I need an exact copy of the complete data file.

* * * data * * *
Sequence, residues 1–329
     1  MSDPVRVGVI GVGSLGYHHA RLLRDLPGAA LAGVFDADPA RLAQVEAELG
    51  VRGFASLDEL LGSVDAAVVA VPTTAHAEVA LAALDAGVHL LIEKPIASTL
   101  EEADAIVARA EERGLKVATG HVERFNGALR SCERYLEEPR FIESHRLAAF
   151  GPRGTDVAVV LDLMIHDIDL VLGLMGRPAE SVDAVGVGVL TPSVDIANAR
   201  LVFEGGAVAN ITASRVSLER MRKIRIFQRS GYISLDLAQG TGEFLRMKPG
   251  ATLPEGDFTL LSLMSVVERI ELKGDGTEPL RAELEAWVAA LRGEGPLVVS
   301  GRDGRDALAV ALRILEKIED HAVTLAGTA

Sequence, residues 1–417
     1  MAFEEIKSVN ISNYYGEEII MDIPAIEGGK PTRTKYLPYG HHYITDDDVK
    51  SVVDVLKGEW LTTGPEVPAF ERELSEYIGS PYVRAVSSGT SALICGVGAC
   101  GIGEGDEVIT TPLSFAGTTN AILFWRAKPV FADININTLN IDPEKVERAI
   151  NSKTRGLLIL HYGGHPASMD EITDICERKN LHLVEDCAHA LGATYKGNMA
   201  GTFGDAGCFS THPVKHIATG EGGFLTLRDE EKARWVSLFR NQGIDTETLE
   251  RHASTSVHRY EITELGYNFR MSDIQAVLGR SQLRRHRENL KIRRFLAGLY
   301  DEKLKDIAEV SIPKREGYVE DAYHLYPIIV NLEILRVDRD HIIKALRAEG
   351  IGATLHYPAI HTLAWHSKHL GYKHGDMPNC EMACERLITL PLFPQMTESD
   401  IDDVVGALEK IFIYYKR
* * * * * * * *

Sequence, residues 1–329
     1  MSDPVRVGVI GVGSLGYHHA RLLRDLPGAA LAGVFDADPA RLAQVEAELG
    51  VRGFASLDEL LGSVDAAVVA VPTTAHAEVA LAALDAGVHL LIEKPIASTL
   101  EEADAIVARA EERGLKVATG HVERFNGALR SCERYLEEPR FIESHRLAAF
   151  GPRGTDVAVV LDLMIHDIDL VLGLMGRPAE SVDAVGVGVL TPSVDIANAR
   201  LVFEGGAVAN ITASRVSLER MRKIRIFQRS GYISLDLAQG TGEFLRMKPG
   251  ATLPEGDFTL LSLMSVVERI ELKGDGTEPL RAELEAWVAA LRGEGPLVVS
   301  GRDGRDALAV ALRILEKIED HAVTLAGTA

Sequence, residues 1–417
     1  MAFEEIKSVN ISNYYGEEII MDIPAIEGGK PTRTKYLPYG HHYITDDDVK
    51  SVVDVLKGEW LTTGPEVPAF ERELSEYIGS PYVRAVSSGT SALICGVGAC
   101  GIGEGDEVIT TPLSFAGTTN AILFWRAKPV FADININTLN IDPEKVERAI
   151  NSKTRGLLIL HYGGHPASMD EITDICERKN LHLVEDCAHA LGATYKGNMA
   201  GTFGDAGCFS THPVKHIATG EGGFLTLRDE EKARWVSLFR NQGIDTETLE
   251  RHASTSVHRY EITELGYNFR MSDIQAVLGR SQLRRHRENL KIRRFLAGLY
   301  DEKLKDIAEV SIPKREGYVE DAYHLYPIIV NLEILRVDRD HIIKALRAEG
   351  IGATLHYPAI HTLAWHSKHL GYKHGDMPNC EMACERLITL PLFPQMTESD
   401  IDDVVGALEK IFIYYKR